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ELIMINATING CONFUSION BETWEEN AI AND ML; AI DOESN’T EXIST WITHOUT ITS SUBSETS

Artificial Intelligence and Machine Learning are being used
interchangeably as a term across all segments of technological
applications. Due to their close relation, AI is often confused
with ML but one should not forget the distinction between the two.
Out of all the differences, one is surely the biggest – that
machine learning is a subset of AI. Technology professionals must
understand the trivial difference both possess. Lacking the clarity
between AI and ML, professionals as well as their companies may get
misguided and eventually lose their relevance in the market with
fake or misleading AI solutions.

According to an award-winning writer,Stephanie
Overby
, the most significant misunderstanding is how AI relates
to ML. Where Artificial Intelligence is the umbrella term used to
shelter many technologies, ML is one of its subsets. “AI is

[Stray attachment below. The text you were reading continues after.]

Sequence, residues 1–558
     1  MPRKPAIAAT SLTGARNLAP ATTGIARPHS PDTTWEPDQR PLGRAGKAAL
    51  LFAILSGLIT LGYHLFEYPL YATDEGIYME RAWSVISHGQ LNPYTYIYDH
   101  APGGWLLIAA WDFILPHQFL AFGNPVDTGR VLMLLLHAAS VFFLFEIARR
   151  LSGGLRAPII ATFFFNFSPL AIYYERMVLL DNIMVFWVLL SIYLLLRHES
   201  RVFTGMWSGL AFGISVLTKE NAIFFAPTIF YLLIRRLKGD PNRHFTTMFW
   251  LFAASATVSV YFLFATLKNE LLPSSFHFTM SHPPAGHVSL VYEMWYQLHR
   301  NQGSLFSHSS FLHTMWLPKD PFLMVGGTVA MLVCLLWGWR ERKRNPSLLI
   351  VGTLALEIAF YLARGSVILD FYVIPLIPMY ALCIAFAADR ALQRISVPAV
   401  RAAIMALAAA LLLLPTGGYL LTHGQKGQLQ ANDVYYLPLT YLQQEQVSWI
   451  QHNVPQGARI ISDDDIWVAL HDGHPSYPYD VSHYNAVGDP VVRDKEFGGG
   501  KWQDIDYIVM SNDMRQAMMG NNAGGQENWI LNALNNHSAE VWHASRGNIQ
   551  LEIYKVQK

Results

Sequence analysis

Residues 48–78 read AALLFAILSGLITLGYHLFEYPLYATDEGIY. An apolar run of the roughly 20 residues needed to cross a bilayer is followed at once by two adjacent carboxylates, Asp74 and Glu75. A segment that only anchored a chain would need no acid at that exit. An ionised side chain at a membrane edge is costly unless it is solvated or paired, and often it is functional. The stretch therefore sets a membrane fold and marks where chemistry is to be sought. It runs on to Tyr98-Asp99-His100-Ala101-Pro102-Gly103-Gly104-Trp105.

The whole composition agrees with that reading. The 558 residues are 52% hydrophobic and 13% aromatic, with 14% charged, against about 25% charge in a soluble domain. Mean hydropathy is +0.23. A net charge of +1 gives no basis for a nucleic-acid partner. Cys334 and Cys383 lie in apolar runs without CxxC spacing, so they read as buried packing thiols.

the broad container term describing the various tools and
algorithms that enable machines to replicate human behavior and
intelligence,†explains JP Baritugo, director at management
and IT consultancyPace
Harmon
. There are numerous subsets of AI including Machine
learning, natural
language processing (NLP)
, deep learning, computer vision, and
more.

For those who prefer analogies, Timothy Havens, the William and
Gloria Jackson Associate Professor of Computer Systems in
the College of Computing at
Michigan Technological University
 and director of the Institute of Computing and Cybersystems,
likens the way AI works to learning to ride a bike: “You
don’t tell a child to move their left foot in a circle on the
left pedal in the forward direction while moving your right foot in
a circle… You give them a push and tell them to keep the bike
upright and pointed forward: the overall objective. They fall a few
times, honing their skills each time they fail,†Havens says.
“That’s Artificial Intelligence in a nutshell.â€Â

Machine learning is one way to accomplish that. The technology
uses statistical analysis to learn autonomously and improve its
function, explains Sarah Burnett, executive vice president, and
distinguished analyst at a management consultancy and research
firm Everest Group.


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Originally published by
Smriti
Srivastava
  | May 28, 2020 
Analytics
Insight